Local Prosecutor Joins Md. Medical Marijuana Commission

He is one of ten appointments to the panel made by the Governor.

Frederick, Md (KM). There’s some local representation on the Maryland Medical Marijuana Commission. Frederick County State’s Attorney Charlie Smith was appointed by the Governor on Thursday.  He was one of 10 candidates chosen for the board.

Smith says he was offered the post by the Hogan Administration. “With all sincerity, I was a little hesitant to accept the appointment. They did contact me. They do need a prosecutor on that commission. Someone with that perspective,” he says.

“My issue really was at first I just really believe that medical marijuana or medical cannabis is an issue best left to doctors and the medical community, and not legislators,” he says.

But he says many of these issues were already decided when the General Assembly passed legislation legalizing medical cannabis.

The Medical Marijuana Commission was set up to oversee the development of policies, regulations and procedures for growing and dispensing medical marijuana. It also decides which applicants receive licenses to grow and dispense medical cannabis.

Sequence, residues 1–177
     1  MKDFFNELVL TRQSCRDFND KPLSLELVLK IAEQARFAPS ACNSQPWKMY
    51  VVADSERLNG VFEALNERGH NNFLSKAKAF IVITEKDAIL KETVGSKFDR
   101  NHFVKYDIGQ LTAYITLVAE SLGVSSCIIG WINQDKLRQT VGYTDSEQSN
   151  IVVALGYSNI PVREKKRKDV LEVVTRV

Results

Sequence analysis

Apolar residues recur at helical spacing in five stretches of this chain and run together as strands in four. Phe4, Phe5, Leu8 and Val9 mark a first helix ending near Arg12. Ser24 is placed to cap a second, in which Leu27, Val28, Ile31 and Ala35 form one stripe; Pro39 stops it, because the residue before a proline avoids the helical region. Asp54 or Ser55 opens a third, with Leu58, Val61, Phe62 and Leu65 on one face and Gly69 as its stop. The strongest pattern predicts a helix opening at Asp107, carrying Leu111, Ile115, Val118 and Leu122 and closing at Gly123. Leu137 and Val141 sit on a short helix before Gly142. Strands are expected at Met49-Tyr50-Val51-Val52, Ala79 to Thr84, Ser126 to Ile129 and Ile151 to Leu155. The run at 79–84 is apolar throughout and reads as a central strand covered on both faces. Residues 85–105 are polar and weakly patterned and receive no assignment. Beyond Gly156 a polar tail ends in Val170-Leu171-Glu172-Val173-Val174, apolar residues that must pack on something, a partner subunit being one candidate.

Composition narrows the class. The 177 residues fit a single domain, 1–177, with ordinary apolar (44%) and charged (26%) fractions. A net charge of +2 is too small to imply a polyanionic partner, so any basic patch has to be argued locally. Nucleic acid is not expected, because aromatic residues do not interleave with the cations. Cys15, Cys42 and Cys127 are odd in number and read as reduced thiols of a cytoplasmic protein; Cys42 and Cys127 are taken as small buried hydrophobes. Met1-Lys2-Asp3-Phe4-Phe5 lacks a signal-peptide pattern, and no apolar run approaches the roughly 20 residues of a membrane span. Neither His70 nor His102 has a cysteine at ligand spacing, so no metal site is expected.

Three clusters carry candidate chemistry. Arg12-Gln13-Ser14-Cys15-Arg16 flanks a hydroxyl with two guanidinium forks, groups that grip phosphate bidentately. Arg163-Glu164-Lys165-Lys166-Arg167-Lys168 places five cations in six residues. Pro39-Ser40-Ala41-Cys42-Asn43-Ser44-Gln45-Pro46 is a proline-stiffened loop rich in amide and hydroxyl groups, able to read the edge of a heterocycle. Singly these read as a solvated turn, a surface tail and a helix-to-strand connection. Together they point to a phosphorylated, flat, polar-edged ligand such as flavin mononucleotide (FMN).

Smith says the panel will also be dealing with other issues. “There’s disparity litigation right now about geographic and racial disparity in terms of who gets these licenses,” he says. “There will also be a number of issues of how it’s grown, how it’s distributed and whose actually a qualifying person.”

But Smith says he’s ready to take on this responsibility. “There’s a lot of issues that need to be addressed. I’m up to task. It’s legislation that’s on the books. So really I believe my hesitancy with regard to whether it’s medicine or not is irrelevant at this point. We just need to insure that the legislation is rolled out  as smoothly as possible,” he says.

A Frederick company, Wellness Solutions, received a license from the state to operate a medical marijuana dispensary. But the cannabis is not expected to be available in the state until September of this year, or later.


By Kevin McManus